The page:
By Oliver Hartwich
Hindsight is a wonderful thing. It is often only after time passes that one realises what one should have done differently. These are decisions one should not have made if one had known about later events.
However, hindsight can also provide a cheap excuse. That is when one blames one’s past mistakes on future events — even when there is no link between them.
The Reserve Bank of New Zealand (RBNZ) is currently engaged in this kind of history falsification. It conveniently shifts the blame to Vladimir Putin for NZ’s high inflation. No matter that the RBNZ mainly has itself to blame.
Last week, the RBNZ’s Governor Adrian Orr appeared before parliament’s finance and expenditure committee. It was a regular appearance following the release of the Bank’s latest
Financial Stability Report. Orr used the opportunity to defend his record.
“For us to have maintained inflation between the 1 to 3 per cent target range, we would’ve had to predict the 2022 Russian invasion of Ukraine back in early 2020,” Orr said in his opening remarks.
With that claim, he shifted the blame for NZ’s inflation record to external events, away from the RBNZ’s monetary policy. He maintained this position throughout his testimony.
It sounds plausible, at least superficially. NZ is experiencing high inflation, but much of the world is as well. Also true is that inflation accelerated after Putin’s Russia invaded Ukraine on 24 February. The war has affected food, fertiliser and energy prices, especially in Europe.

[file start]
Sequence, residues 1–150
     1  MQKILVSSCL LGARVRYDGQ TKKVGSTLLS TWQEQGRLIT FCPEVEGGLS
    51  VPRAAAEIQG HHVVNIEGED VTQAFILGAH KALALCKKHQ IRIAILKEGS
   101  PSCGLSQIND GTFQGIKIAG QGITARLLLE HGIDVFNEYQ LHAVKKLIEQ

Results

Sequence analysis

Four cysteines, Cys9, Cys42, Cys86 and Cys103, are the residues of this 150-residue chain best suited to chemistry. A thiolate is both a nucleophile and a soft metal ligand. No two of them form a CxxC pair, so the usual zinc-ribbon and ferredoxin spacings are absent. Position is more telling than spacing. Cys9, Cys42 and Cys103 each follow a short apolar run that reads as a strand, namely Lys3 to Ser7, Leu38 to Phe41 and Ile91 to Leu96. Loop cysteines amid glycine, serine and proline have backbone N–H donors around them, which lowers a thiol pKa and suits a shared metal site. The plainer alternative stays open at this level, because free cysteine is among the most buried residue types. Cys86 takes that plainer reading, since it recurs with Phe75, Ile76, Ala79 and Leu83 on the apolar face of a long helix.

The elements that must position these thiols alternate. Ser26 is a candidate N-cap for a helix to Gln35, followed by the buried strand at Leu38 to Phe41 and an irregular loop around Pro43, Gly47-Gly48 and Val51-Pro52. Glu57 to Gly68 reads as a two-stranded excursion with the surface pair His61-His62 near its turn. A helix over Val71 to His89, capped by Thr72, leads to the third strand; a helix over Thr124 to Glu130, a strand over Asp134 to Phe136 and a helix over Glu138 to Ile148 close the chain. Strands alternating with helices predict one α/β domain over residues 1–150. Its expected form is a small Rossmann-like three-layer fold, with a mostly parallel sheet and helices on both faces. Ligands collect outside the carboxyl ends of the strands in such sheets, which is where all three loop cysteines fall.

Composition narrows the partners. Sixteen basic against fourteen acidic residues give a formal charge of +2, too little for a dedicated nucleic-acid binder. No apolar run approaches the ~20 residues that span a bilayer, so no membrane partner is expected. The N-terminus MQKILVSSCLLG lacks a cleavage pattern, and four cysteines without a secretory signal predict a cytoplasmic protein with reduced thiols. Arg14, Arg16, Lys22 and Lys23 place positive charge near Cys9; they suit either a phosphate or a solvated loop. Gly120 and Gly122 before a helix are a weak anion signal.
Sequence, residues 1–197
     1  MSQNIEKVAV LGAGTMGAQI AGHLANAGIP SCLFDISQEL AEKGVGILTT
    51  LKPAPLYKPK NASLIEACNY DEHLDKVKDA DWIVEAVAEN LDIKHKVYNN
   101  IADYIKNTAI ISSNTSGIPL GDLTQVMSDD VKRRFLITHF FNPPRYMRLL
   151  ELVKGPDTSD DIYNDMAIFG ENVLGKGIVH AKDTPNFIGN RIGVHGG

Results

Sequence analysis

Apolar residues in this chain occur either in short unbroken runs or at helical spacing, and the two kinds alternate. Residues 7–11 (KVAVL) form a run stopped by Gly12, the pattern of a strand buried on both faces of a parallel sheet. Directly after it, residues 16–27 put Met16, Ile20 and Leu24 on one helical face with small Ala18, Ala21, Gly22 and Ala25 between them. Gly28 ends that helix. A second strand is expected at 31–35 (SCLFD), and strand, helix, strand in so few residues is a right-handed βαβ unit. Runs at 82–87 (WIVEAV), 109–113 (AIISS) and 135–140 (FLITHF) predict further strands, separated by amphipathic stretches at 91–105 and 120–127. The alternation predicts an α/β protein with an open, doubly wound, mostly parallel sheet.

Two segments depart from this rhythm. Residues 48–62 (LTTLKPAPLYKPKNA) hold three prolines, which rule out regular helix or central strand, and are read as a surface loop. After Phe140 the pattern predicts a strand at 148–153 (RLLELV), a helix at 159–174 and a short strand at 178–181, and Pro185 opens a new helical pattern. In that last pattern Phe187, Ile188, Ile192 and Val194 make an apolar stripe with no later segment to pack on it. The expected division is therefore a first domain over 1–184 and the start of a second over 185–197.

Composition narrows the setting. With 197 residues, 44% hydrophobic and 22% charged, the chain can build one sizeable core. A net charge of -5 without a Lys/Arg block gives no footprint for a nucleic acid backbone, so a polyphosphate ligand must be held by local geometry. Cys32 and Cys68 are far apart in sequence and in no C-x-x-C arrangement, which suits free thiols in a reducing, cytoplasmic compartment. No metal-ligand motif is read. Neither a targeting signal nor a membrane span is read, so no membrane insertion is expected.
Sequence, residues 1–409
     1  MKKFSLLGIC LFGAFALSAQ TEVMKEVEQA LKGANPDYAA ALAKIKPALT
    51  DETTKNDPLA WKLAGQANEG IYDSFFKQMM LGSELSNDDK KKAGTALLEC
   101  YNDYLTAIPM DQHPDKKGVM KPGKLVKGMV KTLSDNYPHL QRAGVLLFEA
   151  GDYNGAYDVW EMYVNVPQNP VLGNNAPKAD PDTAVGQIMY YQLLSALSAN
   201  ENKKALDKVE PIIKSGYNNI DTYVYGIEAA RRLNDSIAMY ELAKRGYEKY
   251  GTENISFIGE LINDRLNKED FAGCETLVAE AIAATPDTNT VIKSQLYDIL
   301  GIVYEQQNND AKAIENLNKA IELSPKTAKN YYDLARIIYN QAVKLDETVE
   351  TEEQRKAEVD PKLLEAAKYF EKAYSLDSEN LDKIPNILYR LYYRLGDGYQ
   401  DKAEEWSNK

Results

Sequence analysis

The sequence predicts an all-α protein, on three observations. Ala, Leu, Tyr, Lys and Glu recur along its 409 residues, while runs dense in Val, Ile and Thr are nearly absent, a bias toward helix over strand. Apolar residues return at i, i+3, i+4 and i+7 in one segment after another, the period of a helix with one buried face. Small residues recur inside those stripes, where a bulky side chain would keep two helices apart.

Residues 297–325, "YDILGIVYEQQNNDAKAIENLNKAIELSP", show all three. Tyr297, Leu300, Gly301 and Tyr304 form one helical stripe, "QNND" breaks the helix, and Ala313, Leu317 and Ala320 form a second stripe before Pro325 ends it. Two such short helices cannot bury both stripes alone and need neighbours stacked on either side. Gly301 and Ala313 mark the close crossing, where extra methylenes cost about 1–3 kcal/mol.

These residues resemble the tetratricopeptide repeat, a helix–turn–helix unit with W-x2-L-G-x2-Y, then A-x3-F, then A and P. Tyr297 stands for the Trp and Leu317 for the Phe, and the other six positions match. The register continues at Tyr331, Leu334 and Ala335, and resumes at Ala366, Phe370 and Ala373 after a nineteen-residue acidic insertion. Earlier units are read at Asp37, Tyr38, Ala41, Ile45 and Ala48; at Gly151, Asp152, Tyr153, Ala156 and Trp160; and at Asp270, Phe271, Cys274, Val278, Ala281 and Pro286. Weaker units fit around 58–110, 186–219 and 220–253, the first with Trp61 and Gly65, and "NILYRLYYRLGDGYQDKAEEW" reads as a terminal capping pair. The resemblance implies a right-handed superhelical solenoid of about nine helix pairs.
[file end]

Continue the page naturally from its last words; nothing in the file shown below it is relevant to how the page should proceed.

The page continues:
Still, it was a bit cute for the RBNZ Governor to wash his hands of any responsibility for domestic inflation. Too cute indeed.
For all its international implications, the Ukraine war affected the NZ economy less than it did Europe. Unlike many European countries, NZ is a major net exporter of food. Any food price increases would have bolstered NZ’s terms of trade, strengthened the Kiwi dollar and been a dampener for domestic inflation. Also, NZ’s electricity is largely powered by domestic renewables and thus insulated from the European energy crisis.
There are no good reasons to believe that Putin’s war caused NZ’s inflation. The data does not support such a link in any case.
Michael Reddell, previously an economist with the RBNZ and now one of NZ’s most-read economic bloggers, had none of Governor Orr’s excuses. He calculated what NZ’s consumer price inflation would have been if war-related items were excluded.
Even without food, household energy and petrol, Reddell found inflation at around 6 per cent for September. Remarkably, this adjusted inflation rate was already at that level at the beginning of the Ukraine war.
So, if Putin cannot be blamed for NZ’s inflation, who is responsible for it?
Answering that question takes us right back to the RBNZ. It also requires a bit of monetary economics.
In the 1990s, US economist John B. Taylor studied monetary policy records to figure out how central banks target inflation. By devising a formula, he managed to replicate real central bank decisions.